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'It's just a sea of flowers' | Months in advance, one local business preps for the John Deere Classic

The team at Uncommon Ground grows nearly 12,000 flowers for the PGA tournament. But all that planting has to begin months before tee-off.

PORT BYRON, Ill. — It wouldn't be a Quad Cities summer without the clubs, crowds and course at the John Deere Classic. But before the PGA can make a stop in Silvis, one local business begins its tournament prep work months in advance. 

As the official JDC landscaper, Uncommon Ground is responsible for decorating TPC Deere Run with nearly 12,000 petunias, calibrachoas, marigolds, vincas, potato vines and more. Golf fans can enjoy the flowers on almost half of the course holes, the entryway and common areas. 

"When you see it completed and you listen to people that walk by, they can't believe something like that pops up in the middle of a golf course," said Mike Cavins, co-owner of Uncommon Ground. "We use thousands of flowers at the entryway alone so when the guests come in for the classic they just think, 'Wow!'" 

But getting all of those flowers ready is no small task. The landscaping team jokes that as they're tearing down the current year's design they're already dreaming up what will be on display the next summer.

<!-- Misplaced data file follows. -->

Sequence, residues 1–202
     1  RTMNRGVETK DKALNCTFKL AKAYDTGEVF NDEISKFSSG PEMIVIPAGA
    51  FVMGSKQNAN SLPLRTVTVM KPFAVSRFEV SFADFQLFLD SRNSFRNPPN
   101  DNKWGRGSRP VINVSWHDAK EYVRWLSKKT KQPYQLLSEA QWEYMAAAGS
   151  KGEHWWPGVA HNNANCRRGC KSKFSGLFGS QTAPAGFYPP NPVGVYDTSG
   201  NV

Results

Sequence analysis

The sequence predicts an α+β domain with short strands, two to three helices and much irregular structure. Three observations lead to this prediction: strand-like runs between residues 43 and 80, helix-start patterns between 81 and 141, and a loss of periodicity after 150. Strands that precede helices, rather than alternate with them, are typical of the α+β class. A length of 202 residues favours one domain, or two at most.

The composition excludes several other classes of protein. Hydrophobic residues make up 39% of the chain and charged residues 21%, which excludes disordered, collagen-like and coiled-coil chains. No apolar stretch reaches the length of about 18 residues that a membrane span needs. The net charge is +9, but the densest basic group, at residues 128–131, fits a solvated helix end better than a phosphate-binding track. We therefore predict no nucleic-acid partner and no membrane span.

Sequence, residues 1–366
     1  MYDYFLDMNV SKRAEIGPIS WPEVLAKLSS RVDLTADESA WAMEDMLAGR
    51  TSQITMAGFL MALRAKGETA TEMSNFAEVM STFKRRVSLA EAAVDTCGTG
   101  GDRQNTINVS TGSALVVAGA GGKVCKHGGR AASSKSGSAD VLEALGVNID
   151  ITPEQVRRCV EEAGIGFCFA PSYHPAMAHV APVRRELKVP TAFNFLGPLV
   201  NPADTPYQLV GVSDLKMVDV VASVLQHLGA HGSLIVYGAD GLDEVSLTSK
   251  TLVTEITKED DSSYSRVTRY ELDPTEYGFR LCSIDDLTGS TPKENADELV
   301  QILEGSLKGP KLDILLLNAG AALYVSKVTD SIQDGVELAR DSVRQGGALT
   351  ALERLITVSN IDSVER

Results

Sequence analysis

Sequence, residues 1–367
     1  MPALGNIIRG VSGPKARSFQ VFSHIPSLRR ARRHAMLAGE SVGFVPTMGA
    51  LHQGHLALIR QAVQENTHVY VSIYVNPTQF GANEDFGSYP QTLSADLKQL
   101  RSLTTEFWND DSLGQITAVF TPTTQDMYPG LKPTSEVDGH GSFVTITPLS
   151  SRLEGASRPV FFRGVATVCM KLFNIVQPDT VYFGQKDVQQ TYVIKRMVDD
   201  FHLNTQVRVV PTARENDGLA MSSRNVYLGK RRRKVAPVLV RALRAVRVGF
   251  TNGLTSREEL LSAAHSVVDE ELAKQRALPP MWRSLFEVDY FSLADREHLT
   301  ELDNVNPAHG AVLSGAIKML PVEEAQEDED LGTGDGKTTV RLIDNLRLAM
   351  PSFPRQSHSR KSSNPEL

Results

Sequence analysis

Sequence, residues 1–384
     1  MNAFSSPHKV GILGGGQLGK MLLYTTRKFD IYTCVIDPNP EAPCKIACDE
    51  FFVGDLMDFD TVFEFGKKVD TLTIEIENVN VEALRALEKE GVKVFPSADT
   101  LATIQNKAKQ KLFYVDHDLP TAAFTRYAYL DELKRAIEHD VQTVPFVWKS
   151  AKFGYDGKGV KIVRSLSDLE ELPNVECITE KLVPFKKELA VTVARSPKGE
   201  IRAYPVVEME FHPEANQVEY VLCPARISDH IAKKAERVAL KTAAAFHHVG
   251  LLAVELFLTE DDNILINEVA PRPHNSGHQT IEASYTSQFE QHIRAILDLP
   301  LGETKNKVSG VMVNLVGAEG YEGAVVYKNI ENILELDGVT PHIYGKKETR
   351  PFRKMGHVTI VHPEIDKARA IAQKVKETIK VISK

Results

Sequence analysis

Each flower used at the classic is grown in two greenhouses built by the Uncommon Ground team. A first batch of seedlings arrives in February and a second is planted in early April. 

One flat of the tiny sprouts contains about 500 seedlings. Uncommon Ground gets at least three flats of each color of petunia used at the classic. 

"It's just a sea of flowers in here. It's so fun," Cavins laughed. 

In a few weeks the seedlings double in size and are each put in their own pot. Three weeks later, those same pots each tout seven to eight colorful flower heads. But even that needs to grow 50% larger before it's ready for its PGA debut. 

"It doesn't have to be high-tech," Cavins said. "You don't have to have a massive growing facility. You just have to have people that know what they're doing. And really, it's moisture and temperature and time." 

When News 8 visited, greenhouse manager Jennifer Boerema was busy planting the most recent batch of seedlings. 

"We just take the little plug here and we poke a little hole with our finger, pop the plug in and pinch it in, giving it a little reservoir for water to collect later," Boerema demonstrated. "And I've got about 2,000 more to do!" 

It's the company's largest project of the year, but the team doesn't mind. 

"Our tournament in this little town is a big deal," Cavins smiled. "And we want it to be a big deal when people walk in." 

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